Re: [dane] I-D Action: draft-ietf-dane-smime-03.txt

"Osterweil, Eric" <eosterweil@verisign.com> Thu, 06 February 2014 02:20 UTC

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From: "Osterweil, Eric" <eosterweil@verisign.com>
To: "<dane@ietf.org>" <dane@ietf.org>
Thread-Topic: [dane] I-D Action: draft-ietf-dane-smime-03.txt
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Date: Thu, 6 Feb 2014 02:20:47 +0000
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Subject: Re: [dane] I-D Action: draft-ietf-dane-smime-03.txt
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On Feb 5, 2014, at 6:23 PM, Viktor Dukhovni <viktor1dane@dukhovni.org> wrote:

> On Wed, Feb 05, 2014 at 09:30:34PM +0000, Osterweil, Eric wrote:
> 
>> So, I worry that this relies on implicit assumptions being made
>> about processing being done on the MUA (RP) side.  If something is
>> not available in DNS, does that mean I shouldn't use a cert I may
>> already have in hand, I shouldn't fall back to AD, I shouldn't use
>> a previously seen value, etc? How do I know the domain was ever
>> serving SMIMEA if there is nothing in there now?  I suppose we
>> could conflate deauthorization of certs with revocation of certs.
>> However, I was suggesting that we _could_ use this opportunity to
>> express an unambiguous piece of evidence that clients should use
>> SMIMEA-processing, and should _not_ use a specific cert (even though
>> it may not be universally revoked).
> 
> Well if the DNS is not available, you won't see the DNS revocation
> either.  So I think you're imagining a situation were a client is
> often disconnected, and caches certificates.

I didn't say DNS was unavailable.  I said the RR was not available ``in DNS.''  This is a _big_ difference, as service #3 of DNSSEC is secure denial of existence.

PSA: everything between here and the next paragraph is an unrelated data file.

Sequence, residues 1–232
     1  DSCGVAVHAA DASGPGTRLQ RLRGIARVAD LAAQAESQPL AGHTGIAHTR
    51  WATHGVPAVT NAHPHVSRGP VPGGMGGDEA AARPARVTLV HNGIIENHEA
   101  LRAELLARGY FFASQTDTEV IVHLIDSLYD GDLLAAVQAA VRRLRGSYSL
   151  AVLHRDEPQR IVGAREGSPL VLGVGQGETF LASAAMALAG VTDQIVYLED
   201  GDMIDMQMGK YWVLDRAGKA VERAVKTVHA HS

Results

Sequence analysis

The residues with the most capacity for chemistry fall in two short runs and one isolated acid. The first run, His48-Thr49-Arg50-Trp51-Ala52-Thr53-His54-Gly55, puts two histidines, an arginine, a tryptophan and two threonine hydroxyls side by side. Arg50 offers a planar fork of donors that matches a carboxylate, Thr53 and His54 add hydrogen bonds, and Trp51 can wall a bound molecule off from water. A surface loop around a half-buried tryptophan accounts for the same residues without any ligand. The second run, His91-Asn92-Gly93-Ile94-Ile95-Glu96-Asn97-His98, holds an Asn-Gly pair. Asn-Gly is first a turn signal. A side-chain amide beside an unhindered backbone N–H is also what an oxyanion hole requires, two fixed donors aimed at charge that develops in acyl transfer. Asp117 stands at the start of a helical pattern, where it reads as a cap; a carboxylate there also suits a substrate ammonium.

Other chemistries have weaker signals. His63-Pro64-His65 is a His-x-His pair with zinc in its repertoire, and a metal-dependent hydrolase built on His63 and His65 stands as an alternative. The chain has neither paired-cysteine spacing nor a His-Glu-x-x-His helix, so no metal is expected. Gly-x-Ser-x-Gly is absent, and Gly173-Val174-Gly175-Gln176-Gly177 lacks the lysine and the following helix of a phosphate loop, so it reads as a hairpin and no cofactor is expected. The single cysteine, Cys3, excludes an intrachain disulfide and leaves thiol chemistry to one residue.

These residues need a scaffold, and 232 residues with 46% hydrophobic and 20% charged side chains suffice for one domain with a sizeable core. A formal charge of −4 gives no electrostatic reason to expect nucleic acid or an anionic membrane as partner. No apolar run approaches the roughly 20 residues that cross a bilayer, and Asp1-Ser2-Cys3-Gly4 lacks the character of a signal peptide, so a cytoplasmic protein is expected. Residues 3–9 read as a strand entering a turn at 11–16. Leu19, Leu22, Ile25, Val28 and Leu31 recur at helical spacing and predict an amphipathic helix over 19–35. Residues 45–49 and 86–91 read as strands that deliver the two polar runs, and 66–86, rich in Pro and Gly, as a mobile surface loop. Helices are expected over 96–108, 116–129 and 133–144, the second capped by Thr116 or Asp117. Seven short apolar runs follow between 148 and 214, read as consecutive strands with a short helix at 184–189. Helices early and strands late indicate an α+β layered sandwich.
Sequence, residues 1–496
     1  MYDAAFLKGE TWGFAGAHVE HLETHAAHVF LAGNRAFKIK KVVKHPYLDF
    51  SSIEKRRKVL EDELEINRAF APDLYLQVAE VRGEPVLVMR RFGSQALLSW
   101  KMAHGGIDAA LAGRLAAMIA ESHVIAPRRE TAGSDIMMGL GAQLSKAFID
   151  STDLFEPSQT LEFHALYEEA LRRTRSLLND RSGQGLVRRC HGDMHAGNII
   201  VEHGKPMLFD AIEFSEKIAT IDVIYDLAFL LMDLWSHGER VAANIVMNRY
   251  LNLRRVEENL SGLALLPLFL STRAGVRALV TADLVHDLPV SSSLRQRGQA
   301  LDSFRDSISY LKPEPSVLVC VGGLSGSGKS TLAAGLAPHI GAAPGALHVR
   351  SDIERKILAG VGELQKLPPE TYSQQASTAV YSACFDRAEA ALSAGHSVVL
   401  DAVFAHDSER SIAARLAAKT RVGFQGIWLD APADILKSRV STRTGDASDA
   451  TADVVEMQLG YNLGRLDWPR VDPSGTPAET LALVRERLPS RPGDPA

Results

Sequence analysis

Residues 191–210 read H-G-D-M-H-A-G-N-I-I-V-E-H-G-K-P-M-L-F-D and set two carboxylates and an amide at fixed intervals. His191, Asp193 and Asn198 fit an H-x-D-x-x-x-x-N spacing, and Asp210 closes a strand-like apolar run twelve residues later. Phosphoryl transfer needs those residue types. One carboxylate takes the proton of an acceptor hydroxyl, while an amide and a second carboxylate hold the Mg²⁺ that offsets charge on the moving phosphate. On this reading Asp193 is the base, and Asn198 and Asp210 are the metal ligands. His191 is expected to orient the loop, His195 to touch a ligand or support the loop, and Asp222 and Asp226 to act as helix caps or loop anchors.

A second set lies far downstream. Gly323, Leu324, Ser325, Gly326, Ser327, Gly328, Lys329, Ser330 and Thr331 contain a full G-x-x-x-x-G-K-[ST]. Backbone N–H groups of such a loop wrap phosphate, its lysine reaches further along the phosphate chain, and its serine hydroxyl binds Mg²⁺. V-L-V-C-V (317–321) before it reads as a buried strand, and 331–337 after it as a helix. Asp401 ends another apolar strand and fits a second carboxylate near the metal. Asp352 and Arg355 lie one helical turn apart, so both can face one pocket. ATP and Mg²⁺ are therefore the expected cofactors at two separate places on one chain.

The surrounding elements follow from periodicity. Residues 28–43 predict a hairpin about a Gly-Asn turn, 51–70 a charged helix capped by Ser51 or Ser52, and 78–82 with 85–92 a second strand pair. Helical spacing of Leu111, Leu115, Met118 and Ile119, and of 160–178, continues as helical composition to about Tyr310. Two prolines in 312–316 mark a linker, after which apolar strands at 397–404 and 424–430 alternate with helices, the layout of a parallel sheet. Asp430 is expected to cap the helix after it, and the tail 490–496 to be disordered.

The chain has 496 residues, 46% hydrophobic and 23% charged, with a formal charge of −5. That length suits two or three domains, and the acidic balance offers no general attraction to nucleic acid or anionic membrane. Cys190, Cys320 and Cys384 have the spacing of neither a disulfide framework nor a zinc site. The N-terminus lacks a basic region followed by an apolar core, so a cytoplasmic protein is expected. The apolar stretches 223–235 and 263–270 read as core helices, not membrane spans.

> In that case, I would suggest the following strategy for an SMIMEA
> capable MUA:
> 
>    Each signed message received by the MUA is initially in an
>    unknown verificaiton state.  When an SMIMEA lookup is successful,
>    and returns a usable certificate the message is marked permanently
>    valid (certificate valid at time of message receipt).  The
>    certificate can be cached for the shortest of the TTL of the
>    SMIMEA RRset, the RRSIG expiration time and a configurable
>    local cache limit (suggested default 7 days).
> 
>    Each new message received generates a new background attempt
>    to determine the SMIMEA records, but if cached data is available,
>    a cached certificate can be used (lies within RRSIG lifetime).
> 
>    Likewise, outgoing mail can be encrypted to a cached certificate
>    only within its DNSSEC validity interval, but otherwise requires
>    a new SMIMEA lookup.
> 
> Basically the MUA operates with a stored (rather than in-memory)
> DANE RRset cache.

I think the above starts to address some concerns, but I think it sidesteps the initial comments I made.  There is a clear semantic we can relay w/ this new flag: ``don't use this cert for this email.''  The above seems like it is trying to address the case where we rush to use certs while they exist, and restrict use after.  I'm ok w/ that, but I think it leaves us with an inference problem instead of being specific.

<snip>

>> As I think you said above, ``DANE records (SMIMEA, TLSA, ?) are
>> maintained by the subject's domain and can be presumed *current*
>> when the publishing domain is not negligent.'' I think it's a nice
>> option to give DNS provisioning systems to set a flag in an RR that
>> deauthorizes a cert w/o having to have the CA issue a new association.
>> Perhaps I'm off here, but it seems far more complicated from an
>> operational perspective to have to hop through a CA and get something
>> issued in order to deauthorize a cert rather than just updating
>> the RR, no?
> 
> I don't see any reason to de-authorize by publishing a blacklist,
> when one can just simply stop publishing the record or replace a
> TA record with an EE record.

Well, what about if I run a mail domain, I issue usage type 3 certs, I don't want to run a CRL or OCSP service, and I want to remove a user account from my domain?  

To be honest, I think usage type 4 would be useful, but I'll only press more illustrative examples if the group wants more discussion?  If no one else thinks it's useful, so be it.  However, (at a high level) I do think it is important to point out that deauthorization is fundamentally different than revocation, and OCSP/CRL services have their own warts too.

Eric